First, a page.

- Media category
- Materials used
- gelatin silver photograph
- 14.5 x 35.7 cm image; 30.3 x 40.3 cm sheet
- Signature & date
Signed l.r. verso, pencil "I Tyssen". Dated l.l. verso, pencil "...1984".
- Hallmark Cards Australian Photography Collection Fund 1989
- Not on display
- Accession number
- © Estate of Ingeborg Tyssen/Copyright Agency
- Artist information
Works in the collection
Ingeborg Tyssen arrived in Australia, from her native Holland, in 1957 as a 12 year old and the photographs she made throughout her career convey the sense of loss and dislocation she experienced as a young immigrant. A non-English speaking child, she found that she had to leave behind not only her language, but, as she put it in 1986 ‘the onomatopoeic nursery rhymes which initiated me, as a child, into the dark secrets of the European woods.’ Tyssen’s interest in photography emerged during travel undertaken in the 1970s, and on her return to Sydney she took a class with John F Williams. Influenced by his teaching, Tyssen began exhibiting her own photographs in 1975.
Tyssen’s work is distinguished by its particular intensity. Her earliest works were observational photographs of urban space that explored themes of isolation and dislocation. In particular she was preoccupied with sites of suburban pleasures like fun parks, pools and gardens and produced wry examinations of mundane scenes that implicate the comical and the poetic with the everyday. As critic Blair French noted in 2003, ‘the fascinating “strangeness” of vision in Tyssen's work suggests an authorial consciousness formed, in part, elsewhere and constantly seeking to rearticulate itself within a different world.’ Her oeuvre reflects on the difficulty of communication, while probing the expressive potential of photography as a site for critical engagement.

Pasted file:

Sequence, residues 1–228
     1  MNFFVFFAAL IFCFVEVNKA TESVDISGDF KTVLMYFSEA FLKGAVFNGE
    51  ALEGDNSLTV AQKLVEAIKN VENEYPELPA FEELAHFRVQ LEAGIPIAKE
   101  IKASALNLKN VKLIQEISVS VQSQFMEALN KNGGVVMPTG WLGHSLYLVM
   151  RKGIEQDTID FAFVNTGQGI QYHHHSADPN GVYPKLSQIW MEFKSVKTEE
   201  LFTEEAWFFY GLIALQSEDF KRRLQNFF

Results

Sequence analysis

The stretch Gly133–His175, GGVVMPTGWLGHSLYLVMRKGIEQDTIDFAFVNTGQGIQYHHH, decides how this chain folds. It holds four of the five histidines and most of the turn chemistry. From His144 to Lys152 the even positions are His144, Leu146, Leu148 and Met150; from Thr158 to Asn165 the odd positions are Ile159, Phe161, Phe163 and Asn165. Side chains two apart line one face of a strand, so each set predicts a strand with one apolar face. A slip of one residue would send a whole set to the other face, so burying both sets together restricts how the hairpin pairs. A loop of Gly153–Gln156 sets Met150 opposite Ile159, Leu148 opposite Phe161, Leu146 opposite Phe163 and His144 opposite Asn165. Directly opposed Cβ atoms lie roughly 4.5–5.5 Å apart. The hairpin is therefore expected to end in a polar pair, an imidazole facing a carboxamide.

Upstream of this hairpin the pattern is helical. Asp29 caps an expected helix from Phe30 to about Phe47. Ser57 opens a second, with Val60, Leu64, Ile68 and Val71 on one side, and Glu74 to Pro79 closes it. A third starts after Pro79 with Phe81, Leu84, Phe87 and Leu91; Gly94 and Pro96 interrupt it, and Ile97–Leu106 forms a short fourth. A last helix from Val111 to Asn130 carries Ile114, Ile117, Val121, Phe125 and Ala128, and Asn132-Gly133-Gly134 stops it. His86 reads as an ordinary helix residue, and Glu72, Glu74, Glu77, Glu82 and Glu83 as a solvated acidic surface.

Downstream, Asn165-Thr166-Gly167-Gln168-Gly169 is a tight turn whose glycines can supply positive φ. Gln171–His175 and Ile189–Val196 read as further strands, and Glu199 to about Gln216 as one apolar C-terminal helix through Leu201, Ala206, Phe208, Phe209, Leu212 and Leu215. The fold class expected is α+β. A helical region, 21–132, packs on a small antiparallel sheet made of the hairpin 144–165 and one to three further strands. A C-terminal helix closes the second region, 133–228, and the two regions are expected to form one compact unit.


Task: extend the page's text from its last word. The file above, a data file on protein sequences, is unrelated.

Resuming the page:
Tyssen’s 1984 series ‘From the heart of the forest to the edge of the road’ explores more complex and personal themes. The gnarled and twisted trees present a very different reading of the Australian landscape to that of majestic gums and sunlit plains. These alpine panoramas manifest a European sensibility of the sublime in nature; of a darker twilit landscape that inspires awe, terror or transcendence. Indeed, Tyssen’s ‘Perisher Valley no 7’ is comparable to the German romanticism of Caspar David Friedrich’s 1822 painting, ‘The tree of crows’ in its depiction of an eerie landscape shaped by the forces of nature. These images gesture towards the ‘dark secrets’ of the European woods that Tyssen left behind.
Referenced in 4 publications
Judy Annear, What is this thing called photography?, Sydney, 1999. no catalogue numbers
Sandra Byron and Isobel Crombie, Twenty contemporary Australian photographers - from the Hallmark Cards Australian Photographic Collection, Melbourne, 1990, 50 (illus.).
Bronwyn Clark-Coolee, Photography: Art Gallery of New South Wales Collection, 'Not 'simply' anything', pg.266-287, Sydney, 2007, 283 (illus.).
Isobel Johnston, Ingeborg Tyssen - Twenty years on photography, Sydney, 1995, 4 (illus.).
Other works by Ingeborg Tyssen
See all 31 works